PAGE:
Magazine article Information Today

Tales from the Library Trenches, Part 1: Learning to Adapt

Magazine article Information Today

Tales from the Library Trenches, Part 1: Learning to Adapt

Article excerpt

We librarians have a passion for our work. Whether we are connecting young readers with a great book, helping an adult navigate technology, or providing excellent day-to-day customer service, we are librarians because we believe in supporting our community. With our passion comes a desire to always be the best librarian we can be, and over the course of a career, that takes many different shapes and forms. Over the next few months, we'll be diving into the nitty-gritty of what moving up the management ladder in libraries looks like with this four-part series, Tales From the Library Trenches.

I became a librarian in 2006 for one reason and one reason only: Somehow I was bestowed with what my first library director called a special gift, which was the ability to hang out with tweens and teens in libraries, make them feel welcome, and get them involved in the local community. She insisted that I hold onto this gift for the rest of my career and that before I knew it, I'd have 25-30 years under my belt as a teen librarian and wouldn't ever have to worry about changing the way I worked in libraries.

I'm not the kind of person who wants to have one role all of my life. I want to grow, expand, fail, and ultimately succeed at everything I can get my hands on. Perhaps those are the same qualities that helped me be successful as a teen librarian. So in 2015, I recognized that I needed to make a change in my professional life. That's why after almost 10 years of working in Youth Services, I made the jump to becoming a library director. But before we dive into how my tenure as a library director has unfolded over the past 2 years, let's backtrack to the slow, gradual process that happened in my mind years before I made this change.

When I say slow, gradual process, I mean slow. The adjustment from working with tweens and teens in libraries to writing budgets, doing strategic planning, and attending board meetings does not happen overnight. You may have already identified back when you began your career as a librarian that being a director is where you'd want to end up in the long run (I didn't!), but that doesn't mean you can become one just like that. Every library director should go through it all, including emptying the book drop after a long holiday weekend, dealing with an overly unruly customer, and handling the inevitable emergency bathroom clean-up duty. Experience, patience, and understanding are the three tools you will need to be an effective leader. Any librarian can learn these skills, but if you're a youth services librarian working with kids, tweens, and teens, your day-to-day work with youth will make you into a Zen master in no time. You'll be capable of handling any situation, be it in the moment or down the road, with great ease.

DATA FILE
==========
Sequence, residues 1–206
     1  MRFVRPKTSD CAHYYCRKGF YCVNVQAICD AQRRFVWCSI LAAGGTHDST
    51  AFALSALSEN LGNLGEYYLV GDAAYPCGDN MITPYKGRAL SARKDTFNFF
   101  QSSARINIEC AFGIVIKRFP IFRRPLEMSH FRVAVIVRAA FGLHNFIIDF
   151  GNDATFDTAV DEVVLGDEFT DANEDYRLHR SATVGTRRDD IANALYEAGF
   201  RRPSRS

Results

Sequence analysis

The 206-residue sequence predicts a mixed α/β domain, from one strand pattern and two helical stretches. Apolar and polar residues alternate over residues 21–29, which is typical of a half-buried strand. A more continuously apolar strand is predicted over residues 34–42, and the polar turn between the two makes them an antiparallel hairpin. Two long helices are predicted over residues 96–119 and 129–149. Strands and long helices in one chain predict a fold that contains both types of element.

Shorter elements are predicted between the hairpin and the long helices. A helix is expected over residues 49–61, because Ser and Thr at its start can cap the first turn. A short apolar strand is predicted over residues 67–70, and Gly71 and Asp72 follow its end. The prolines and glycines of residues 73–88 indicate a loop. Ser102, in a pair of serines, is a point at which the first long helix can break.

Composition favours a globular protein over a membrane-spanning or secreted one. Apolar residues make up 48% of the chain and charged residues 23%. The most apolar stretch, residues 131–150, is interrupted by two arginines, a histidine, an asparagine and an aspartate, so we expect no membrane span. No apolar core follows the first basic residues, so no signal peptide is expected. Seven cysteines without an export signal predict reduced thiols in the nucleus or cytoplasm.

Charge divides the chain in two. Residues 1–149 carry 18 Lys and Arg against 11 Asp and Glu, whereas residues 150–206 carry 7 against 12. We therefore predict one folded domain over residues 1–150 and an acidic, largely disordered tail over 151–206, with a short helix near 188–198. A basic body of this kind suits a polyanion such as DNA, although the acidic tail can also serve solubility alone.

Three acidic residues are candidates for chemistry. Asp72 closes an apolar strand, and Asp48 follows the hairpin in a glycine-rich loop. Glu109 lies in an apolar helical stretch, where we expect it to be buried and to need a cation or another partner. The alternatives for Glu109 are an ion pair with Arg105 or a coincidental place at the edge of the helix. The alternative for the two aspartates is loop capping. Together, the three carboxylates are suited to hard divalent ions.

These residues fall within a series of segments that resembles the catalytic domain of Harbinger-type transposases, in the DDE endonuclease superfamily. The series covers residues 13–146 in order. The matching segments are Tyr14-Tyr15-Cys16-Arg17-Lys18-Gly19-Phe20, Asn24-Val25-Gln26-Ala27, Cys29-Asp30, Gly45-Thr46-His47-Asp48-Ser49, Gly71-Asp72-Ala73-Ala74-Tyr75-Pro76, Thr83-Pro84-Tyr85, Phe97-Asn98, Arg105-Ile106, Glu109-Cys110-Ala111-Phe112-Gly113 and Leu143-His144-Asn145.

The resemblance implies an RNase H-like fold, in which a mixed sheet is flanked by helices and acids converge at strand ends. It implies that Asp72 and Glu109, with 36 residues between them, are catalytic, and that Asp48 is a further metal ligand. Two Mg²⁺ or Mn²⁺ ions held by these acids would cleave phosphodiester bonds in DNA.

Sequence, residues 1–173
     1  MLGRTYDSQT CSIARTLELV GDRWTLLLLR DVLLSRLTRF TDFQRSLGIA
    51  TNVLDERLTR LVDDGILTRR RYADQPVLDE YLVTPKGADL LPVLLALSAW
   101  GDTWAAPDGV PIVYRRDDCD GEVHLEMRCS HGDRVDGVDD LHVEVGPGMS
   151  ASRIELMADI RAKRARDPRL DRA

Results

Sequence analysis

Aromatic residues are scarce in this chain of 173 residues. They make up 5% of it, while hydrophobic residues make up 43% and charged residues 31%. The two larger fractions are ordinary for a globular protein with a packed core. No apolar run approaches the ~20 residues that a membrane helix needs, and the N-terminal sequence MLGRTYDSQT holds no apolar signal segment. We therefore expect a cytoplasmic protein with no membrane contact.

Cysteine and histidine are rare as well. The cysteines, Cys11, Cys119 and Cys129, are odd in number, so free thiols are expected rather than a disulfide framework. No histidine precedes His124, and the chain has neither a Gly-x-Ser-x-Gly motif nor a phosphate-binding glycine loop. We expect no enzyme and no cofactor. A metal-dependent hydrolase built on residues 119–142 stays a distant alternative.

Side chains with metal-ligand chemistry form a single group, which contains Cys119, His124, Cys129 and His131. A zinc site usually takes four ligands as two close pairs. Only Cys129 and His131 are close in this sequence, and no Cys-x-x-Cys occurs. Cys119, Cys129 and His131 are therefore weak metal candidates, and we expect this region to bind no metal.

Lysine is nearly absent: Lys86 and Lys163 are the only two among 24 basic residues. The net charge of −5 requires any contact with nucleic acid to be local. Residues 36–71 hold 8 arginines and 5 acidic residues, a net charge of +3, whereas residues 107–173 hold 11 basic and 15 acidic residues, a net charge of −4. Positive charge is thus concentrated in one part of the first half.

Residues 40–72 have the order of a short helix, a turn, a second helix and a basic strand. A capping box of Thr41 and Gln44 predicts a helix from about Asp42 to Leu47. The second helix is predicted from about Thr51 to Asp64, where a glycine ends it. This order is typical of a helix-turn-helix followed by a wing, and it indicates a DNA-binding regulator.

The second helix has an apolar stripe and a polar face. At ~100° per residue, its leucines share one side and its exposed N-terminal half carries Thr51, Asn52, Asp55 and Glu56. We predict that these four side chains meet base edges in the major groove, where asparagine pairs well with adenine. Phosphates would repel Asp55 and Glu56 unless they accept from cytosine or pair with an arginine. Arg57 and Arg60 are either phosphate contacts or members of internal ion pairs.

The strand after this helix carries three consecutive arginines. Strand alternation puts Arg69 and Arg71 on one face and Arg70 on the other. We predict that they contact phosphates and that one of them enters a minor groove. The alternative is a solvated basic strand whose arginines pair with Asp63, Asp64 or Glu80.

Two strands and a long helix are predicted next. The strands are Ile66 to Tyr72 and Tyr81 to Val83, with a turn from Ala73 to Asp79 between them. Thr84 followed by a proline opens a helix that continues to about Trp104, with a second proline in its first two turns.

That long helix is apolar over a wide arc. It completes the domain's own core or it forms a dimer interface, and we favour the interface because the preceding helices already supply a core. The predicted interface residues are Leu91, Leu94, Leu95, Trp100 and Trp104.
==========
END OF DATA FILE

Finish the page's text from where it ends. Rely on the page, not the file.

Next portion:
Identifying a Need for Change

The first step I recommend taking is to recognize that you are in the middle of a change in the way you think about things. How do you know that you're in the middle of a change? Consider your career arc up to this point. What have you been focusing on with your work in libraries, and what do the day-today activities of your job look like? When you have a firm grasp on where you've been and where you currently are, start to ask yourself some questions. Am I getting tired of going to work? Do I feel as if I have accomplished my professional goals in this career path? If you're answering "yes" to these questions, you are beginning to recognize that you're in the middle of a big professional change. At least that's how I began to feel after 8 years of working in Youth Services. Instead of looking forward to that after-school rush of teens in the video game arcade at the Chattanooga Public Library, I found myself really enjoying the time spent in the morning analyzing statistics, preparing work schedules, and projecting budget numbers. Something was changing in my life, and I had to look inside myself to not only recognize that change, but to also tell myself that this was healthy. …

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